Among America’s more important actors and singers is Paul Robeson, born a century ago. An impressive talent who struggled against pervasive racism, Robeson would seem to deserve the centennial celebration of his life beginning this month. Unfortunately, he had an ugly side: He was an avowed communist who received the Stalin Peace Prize in 1952.
Anyone can make a mistake, but Robeson knew what he was doing. In 1949, he met in Moscow with his friend, Yiddish author Itzik Feffer, who informed Robeson of the start of Joseph Stalin’s anti-Semitic purges. Robeson told reporters on his return to the United States that “I heard no word about” anti-Semitism. Feffer was later murdered by Stalin.
One wonders how Robeson, who died in 1976, would have responded to the collapse of communism. A few unrepentant communists remain: two dozen fill Sunset Hall, a Los Angeles home for the aged begun by Unitarians. The facility sports a picture of Robeson, a bust of Soviet revolutionary Vladimir Lenin, and books on Marxism, Chinese dictator Mao Zedong and leading Bolshevik Leon Trotsky.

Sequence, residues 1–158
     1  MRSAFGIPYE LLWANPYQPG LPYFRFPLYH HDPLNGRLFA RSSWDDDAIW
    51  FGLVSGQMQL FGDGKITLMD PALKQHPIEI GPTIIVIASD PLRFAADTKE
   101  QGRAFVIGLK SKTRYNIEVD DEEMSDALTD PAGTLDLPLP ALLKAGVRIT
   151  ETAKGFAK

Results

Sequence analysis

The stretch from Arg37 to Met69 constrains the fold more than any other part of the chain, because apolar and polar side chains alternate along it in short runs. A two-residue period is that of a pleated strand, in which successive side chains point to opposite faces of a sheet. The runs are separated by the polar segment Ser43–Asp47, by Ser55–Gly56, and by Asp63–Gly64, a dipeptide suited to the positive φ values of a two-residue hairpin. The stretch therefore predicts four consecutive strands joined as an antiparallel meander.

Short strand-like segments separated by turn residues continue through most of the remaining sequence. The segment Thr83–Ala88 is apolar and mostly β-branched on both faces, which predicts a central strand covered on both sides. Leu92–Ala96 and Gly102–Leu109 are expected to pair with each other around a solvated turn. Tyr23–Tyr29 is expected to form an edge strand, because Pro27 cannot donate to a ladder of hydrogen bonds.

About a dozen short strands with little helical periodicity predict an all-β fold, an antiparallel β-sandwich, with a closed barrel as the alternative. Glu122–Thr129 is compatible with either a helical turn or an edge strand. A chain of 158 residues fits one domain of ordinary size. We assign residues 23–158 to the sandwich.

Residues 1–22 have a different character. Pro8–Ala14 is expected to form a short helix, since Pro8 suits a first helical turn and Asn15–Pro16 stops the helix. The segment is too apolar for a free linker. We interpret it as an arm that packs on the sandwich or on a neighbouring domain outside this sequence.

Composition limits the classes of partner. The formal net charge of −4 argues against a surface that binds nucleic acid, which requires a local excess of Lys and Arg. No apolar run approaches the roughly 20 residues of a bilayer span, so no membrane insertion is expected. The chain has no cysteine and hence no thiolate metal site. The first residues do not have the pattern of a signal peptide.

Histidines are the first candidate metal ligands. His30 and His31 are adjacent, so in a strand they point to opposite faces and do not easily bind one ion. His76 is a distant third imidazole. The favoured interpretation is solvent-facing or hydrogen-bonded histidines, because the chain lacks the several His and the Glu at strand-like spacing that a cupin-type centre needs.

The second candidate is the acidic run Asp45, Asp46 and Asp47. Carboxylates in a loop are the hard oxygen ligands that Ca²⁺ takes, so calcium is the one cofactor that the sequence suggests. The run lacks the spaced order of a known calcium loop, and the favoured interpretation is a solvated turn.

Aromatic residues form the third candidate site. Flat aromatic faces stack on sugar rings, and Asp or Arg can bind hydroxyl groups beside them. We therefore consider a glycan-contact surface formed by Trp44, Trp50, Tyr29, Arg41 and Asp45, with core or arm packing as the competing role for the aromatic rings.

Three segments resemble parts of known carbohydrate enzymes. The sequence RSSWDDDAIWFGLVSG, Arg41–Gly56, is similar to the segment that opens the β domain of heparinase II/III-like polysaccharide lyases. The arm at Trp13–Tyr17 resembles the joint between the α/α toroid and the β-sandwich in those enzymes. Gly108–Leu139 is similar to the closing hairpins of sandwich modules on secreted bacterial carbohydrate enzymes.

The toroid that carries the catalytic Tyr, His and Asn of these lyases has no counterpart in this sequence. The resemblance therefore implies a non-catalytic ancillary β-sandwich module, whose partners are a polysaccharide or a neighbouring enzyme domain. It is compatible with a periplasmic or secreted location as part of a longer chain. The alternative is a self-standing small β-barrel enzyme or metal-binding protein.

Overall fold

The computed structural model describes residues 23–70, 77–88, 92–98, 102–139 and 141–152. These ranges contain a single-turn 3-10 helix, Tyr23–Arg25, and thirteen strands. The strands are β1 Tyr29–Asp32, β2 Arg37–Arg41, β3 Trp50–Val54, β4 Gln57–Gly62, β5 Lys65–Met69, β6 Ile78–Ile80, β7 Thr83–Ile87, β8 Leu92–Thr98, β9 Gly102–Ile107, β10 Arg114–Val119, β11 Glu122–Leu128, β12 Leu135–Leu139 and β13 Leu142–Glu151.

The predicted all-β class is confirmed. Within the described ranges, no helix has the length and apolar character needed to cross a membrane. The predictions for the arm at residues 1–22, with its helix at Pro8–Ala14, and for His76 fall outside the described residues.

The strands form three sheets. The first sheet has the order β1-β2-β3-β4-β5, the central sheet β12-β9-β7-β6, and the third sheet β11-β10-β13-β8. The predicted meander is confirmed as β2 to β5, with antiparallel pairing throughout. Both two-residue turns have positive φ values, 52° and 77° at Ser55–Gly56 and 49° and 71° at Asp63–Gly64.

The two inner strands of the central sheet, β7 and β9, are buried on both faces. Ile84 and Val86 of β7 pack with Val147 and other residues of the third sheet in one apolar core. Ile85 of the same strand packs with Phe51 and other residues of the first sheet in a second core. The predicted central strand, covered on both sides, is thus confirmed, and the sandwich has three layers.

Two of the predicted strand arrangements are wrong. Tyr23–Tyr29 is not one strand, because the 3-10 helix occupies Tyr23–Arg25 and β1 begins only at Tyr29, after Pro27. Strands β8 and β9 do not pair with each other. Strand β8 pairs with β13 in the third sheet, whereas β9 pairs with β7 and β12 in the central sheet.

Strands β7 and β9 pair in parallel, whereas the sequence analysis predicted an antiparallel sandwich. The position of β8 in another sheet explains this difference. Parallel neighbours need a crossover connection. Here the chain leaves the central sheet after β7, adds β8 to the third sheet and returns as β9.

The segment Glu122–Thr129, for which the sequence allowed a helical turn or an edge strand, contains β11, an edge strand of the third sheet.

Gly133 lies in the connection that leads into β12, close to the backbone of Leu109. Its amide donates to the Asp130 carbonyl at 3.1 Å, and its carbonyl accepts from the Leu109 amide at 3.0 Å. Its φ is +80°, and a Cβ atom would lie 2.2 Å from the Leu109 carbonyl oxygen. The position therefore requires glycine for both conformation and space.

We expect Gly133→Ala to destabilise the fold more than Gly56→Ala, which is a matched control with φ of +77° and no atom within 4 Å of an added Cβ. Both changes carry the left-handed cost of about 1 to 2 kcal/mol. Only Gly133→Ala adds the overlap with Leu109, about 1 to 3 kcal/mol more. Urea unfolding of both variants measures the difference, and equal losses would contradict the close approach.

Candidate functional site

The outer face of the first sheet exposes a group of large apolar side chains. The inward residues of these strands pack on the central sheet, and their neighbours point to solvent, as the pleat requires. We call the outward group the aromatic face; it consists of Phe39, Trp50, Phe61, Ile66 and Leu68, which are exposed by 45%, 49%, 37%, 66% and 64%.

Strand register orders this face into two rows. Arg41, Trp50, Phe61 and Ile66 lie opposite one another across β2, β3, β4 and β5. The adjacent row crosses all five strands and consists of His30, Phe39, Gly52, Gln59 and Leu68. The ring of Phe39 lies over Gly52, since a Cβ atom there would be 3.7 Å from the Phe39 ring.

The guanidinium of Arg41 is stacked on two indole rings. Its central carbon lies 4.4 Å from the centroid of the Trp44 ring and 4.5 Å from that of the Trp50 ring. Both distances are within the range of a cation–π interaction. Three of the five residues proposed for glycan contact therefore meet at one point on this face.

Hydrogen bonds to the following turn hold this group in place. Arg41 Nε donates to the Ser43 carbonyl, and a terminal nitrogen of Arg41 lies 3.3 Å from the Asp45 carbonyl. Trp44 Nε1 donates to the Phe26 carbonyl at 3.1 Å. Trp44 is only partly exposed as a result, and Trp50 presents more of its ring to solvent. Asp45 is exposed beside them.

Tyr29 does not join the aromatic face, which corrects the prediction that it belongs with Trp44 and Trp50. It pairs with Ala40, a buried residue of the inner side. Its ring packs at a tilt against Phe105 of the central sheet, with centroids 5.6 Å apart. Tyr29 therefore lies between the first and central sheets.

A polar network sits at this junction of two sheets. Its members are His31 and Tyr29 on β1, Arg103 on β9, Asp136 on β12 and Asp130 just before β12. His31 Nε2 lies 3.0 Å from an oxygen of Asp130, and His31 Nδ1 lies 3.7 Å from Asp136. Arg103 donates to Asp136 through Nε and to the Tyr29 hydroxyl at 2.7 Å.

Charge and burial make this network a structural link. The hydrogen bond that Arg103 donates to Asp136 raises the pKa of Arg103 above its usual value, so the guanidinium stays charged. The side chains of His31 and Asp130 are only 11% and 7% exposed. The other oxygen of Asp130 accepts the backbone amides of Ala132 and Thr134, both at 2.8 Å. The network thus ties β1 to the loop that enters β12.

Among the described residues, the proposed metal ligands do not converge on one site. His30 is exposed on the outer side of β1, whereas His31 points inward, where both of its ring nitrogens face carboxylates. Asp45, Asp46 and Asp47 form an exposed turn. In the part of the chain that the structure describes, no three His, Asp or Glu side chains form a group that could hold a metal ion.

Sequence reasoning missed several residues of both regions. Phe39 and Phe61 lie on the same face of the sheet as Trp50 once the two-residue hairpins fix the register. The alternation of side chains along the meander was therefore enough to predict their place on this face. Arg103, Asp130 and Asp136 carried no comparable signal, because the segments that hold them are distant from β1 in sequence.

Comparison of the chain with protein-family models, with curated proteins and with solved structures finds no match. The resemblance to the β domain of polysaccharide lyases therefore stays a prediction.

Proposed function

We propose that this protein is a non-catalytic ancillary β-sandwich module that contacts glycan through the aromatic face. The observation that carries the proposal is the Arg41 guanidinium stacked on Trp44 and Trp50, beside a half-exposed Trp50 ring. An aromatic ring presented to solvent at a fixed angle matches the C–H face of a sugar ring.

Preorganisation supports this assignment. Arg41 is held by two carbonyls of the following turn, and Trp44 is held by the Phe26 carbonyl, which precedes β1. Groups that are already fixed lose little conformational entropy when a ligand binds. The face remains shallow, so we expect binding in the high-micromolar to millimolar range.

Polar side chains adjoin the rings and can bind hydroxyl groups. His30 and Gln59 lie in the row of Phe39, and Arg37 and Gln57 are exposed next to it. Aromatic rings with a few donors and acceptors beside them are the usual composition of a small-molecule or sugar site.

Sunset Hall’s residents spend their time pining for the good ol’ days. At age 8, Glady Foreman, now 90, was labeled a “little socialist” by her father. She predicts that “socialism, crushed to the Earth, will rise again.”
Jacob Darnov, 101, was a messenger for the early Soviet army. He unashamedly proclaims that Lenin is “the greatest politician we ever had in this world.”
Wayne Friedlander, who ran Sunset Hall until recently, says that these people “are the giants,” to whom he, a former member of Students for a Democratic Society, owes an enormous debt. “Giants.”
Yes, giant fools. What else can one call people who promoted, and still defend, the most murderous philosophy in human history?